February 3, 2023

Lukmaan IAS

A Blog for IAS Examination





THE CONTEXT:The government on nominated musician Ilaiyaraaja, track-and-field icon PT Usha, Telugu screenwriter V Vijayendra Prasad, and philanthropist and spiritual leader Veerendra Heggade to Rajya Sabha. The four new entrants to Rajya Sabha belong to four southern states, Tamil Nadu, Kerala, Andhra Pradesh, and Karnataka.


Ilaiyaraaja, Usha, Prasad, and Heggade will serve until July 2028. The Upper House of Parliament now has nine nominated members — the other five being lawyer Mahesh Jethmalani, dancer Sonal Mansingh, politician Ram Shakal, author and columnist Rakesh Sinha, and former Chief Justice of India Ranjan Gogoi. Three nominated positions are currently vacant.

What does the Constitution say about nominated members?

• Article 80 of the Constitution (“Composition of the Council of States”) says “The Council of States shall consist of (a) twelve members to be nominated by the President in accordance with the provisions of clause (3); and (b) not more than two hundred and thirty-eight representatives of the States and of the Union territories.”
• Clause 3 of the article layer down the qualifications for the appointment: “The members to be nominated by the President…shall consist of persons having special knowledge or practical experience in respect of such matters as the following, namely:—
o Literature, science, art and social service.”
• Since Rajya Sabha was constituted in 1952, a total 142 individuals have been nominated as its members. The list includes scholars, jurists, educationists, historians, scientists, litterateurs, journalists, engineers, economists, administrators, artistes, sportspersons, social workers, and politicians, mostly with loyalty to the government of the day.
What is the role of nominated members?
• Nominated members of Rajya Sabha enjoy all the powers and privileges to which the elected MPs are entitled. They can take part in the proceedings of the House in the normal manner, even though there has been criticism that several nominated members have poor attendance and do not appear to show much interest in legislative work.
• In this context, cricketer Sachin Tendulkar, actor Rekha, and businesswoman Anu Aga have faced criticism in recent years.
• Nominated members are not allowed to vote in the election of the President.They do have the right to vote in the election of the Vice-President, however.
Why are members nominated to the Rajya Sabha?
• Pitching for a provision in the Constitution to allow eminent persons to be nominated to the Council of States, N Gopalaswami Ayyangar, who was part of the Constitution Drafting Committee, said: “We also give an opportunity, perhaps, to seasoned people who may not be in the thickest of the political fray, but who might be willing to participate in the debate with an amount of learning and importance which we do not ordinarily associate with the House of the People (Lok Sabha).”
• The first list of 12 Presidential nominees perfectly represented this sentiment: Zakir Hussain, who later became the President of India; historians Kalidas Nag and Radha Kumud Mookerji; the eminent Hindi poet Maithilisharan Gupt; Gandhian author Kakasaheb Kalelkar; scientist Satyendranath Bose; social worker N R Malkani; danseuse Rukmini Devi Arundale; Gandhian scholar J M Kumarappa; jurist Alladi Krishnaswami; actor Prithviraj Kapoor; and medical scientist Major General S SSokhey.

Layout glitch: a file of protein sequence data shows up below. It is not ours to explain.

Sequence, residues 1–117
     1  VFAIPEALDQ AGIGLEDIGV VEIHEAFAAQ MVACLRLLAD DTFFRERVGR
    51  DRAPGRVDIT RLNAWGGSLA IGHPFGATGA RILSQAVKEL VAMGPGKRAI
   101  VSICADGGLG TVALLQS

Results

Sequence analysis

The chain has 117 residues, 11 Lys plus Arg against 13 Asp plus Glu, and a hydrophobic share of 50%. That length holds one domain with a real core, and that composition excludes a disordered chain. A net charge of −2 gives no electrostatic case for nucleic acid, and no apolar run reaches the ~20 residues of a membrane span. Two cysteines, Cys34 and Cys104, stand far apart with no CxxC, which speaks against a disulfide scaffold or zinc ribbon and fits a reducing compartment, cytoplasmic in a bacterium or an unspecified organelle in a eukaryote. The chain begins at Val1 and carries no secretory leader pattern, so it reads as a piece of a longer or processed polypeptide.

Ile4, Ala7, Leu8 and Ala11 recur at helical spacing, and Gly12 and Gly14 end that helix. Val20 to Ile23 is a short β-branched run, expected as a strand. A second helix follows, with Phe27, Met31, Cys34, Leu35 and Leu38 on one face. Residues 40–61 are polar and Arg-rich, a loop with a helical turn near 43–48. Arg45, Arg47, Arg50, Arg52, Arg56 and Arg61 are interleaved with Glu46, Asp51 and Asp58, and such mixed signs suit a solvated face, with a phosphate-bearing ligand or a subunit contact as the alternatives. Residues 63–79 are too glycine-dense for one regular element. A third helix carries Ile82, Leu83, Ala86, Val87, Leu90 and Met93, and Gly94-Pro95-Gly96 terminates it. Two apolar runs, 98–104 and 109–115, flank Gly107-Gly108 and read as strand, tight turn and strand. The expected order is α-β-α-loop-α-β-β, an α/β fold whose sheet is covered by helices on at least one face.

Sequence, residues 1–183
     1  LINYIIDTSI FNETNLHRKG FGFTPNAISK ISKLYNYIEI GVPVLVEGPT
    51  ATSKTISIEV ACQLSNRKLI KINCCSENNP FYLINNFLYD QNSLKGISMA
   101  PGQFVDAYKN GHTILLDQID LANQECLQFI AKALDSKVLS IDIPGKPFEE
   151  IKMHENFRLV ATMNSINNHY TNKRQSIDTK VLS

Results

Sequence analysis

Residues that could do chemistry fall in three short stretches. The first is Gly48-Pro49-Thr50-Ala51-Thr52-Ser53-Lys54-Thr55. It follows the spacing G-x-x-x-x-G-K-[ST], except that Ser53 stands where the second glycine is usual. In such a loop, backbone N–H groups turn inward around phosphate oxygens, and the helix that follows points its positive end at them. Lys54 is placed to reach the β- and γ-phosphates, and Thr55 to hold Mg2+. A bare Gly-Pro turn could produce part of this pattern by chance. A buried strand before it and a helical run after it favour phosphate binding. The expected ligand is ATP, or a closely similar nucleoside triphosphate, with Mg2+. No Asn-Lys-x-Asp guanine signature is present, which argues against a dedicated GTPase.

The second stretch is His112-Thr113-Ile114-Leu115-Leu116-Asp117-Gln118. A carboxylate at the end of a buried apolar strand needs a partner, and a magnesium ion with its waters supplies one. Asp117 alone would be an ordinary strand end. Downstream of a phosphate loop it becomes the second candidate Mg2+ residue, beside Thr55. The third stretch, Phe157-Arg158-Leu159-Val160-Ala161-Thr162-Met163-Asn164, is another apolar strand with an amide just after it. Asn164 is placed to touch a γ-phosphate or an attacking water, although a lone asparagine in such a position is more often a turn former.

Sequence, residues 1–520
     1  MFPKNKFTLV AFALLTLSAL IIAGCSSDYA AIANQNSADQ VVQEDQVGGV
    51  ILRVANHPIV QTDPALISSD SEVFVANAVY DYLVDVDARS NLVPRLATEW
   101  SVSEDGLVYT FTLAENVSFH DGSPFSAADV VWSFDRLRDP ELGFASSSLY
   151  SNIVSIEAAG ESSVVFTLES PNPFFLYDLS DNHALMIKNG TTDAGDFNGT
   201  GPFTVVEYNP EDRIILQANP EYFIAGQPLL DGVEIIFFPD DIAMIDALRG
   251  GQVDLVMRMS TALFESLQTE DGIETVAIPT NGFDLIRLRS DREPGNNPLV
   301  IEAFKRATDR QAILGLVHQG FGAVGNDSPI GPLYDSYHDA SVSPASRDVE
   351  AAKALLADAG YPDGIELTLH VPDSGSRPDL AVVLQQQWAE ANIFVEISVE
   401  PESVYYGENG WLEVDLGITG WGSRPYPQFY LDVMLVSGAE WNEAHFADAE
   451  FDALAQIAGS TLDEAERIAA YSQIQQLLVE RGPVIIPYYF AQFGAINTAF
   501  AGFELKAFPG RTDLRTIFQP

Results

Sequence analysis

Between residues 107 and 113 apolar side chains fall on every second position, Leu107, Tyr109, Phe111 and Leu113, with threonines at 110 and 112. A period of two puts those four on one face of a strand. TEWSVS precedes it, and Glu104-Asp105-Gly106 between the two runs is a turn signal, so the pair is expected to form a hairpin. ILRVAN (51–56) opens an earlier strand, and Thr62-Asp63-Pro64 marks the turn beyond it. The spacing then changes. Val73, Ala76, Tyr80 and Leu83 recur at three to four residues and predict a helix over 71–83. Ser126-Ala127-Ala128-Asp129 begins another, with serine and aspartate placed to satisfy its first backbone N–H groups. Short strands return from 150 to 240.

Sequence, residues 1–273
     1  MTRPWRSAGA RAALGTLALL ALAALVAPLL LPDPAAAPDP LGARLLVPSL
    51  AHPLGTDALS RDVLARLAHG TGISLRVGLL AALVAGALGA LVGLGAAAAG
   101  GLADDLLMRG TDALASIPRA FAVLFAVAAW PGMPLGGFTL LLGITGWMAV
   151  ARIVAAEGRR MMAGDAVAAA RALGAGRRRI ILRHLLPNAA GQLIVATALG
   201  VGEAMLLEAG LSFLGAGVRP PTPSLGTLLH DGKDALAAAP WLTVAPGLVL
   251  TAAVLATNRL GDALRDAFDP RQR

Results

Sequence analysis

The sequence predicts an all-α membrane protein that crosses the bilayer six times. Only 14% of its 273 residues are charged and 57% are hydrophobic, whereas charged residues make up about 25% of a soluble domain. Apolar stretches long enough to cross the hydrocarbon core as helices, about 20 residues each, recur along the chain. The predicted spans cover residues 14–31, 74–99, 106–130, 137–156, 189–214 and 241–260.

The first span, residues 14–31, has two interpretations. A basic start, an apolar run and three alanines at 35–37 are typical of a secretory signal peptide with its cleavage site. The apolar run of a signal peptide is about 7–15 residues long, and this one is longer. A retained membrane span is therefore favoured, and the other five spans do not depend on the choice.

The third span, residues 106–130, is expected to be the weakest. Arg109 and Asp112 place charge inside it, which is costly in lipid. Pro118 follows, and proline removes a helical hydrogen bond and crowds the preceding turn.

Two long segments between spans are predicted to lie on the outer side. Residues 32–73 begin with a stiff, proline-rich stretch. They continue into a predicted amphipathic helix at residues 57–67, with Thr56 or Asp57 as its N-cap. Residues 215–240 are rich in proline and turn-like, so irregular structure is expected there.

THE CONTEXT:A recent controversial statement by the MP in Tamil Nadu triggered criticism for demanding “Dravida Nadu”.


  • E V Ramasamy ‘Periyar’ (1879-1973) had started the Self Respect Movement to “redeem the identity and self-respect” of Tamils. He envisaged an independent Dravida homeland of Dravida Nadu, comprising Tamil, Malayalam, Telugu and Kannada speakers, and launched a political party, Dravidar Kazhagam (DK), to pursue this goal.
    C N Annadurai (1909-1969) was the last Chief Minister of Madras state, and the first Chief Minister of Tamil Nadu. He founded the Dravida Munnetra Kazhagam (DMK) after breaking with Periyar which ultimately chose to go slow on the demand for an independent Dravida Nadu and instead worked for greater autonomy for Tamil Nadu and better cooperation among the southern states.
    The demand for Dravida Nadu
    • The movement for a separate Dravida country has passed through several stages and meanings. The early 20th century agitations against the colonial government of Madras state (of which, along with Tamil Nadu, portions of modern-day Andhra Pradesh, Karnataka, and Kerala were part) often included expressions of regional aspirations.
    • The South Indian Liberal Federation, popularly known as Justice Party, which was founded in 1917 by Sir Pitti Theagaraya Chetty, Dr T M Nair, and Dr C Natesa Mudaliar, was the first to raise the flag of anti-Brahminism, and oppose the caste system that put Brahmins at the top of the social hierarchy.
    • At the time, the presence of Brahmins in the Madras government was disproportionately higher than their population in the state, and the Justice Party demanded opportunities for those lower in the caste hierarchy.
    • Periyar, the founder of the Self-Respect Movement (1925), was both anti-caste and anti-religion. He advocated major social reforms, including equality for women in society, and supporting birth control for women for their health and well-being. He also opposed the domination of Hindi and emphasised the distinct cultural identity of the Tamil nation.
    Legal Picture for such Statement:
    • To control such secessionist threats, through the 16th Amendment, the words “the sovereignty and integrity of India” were added to Article 19(2) of the Constitution. After this amendment, raising such secessionist threats became unconstitutional and illegal.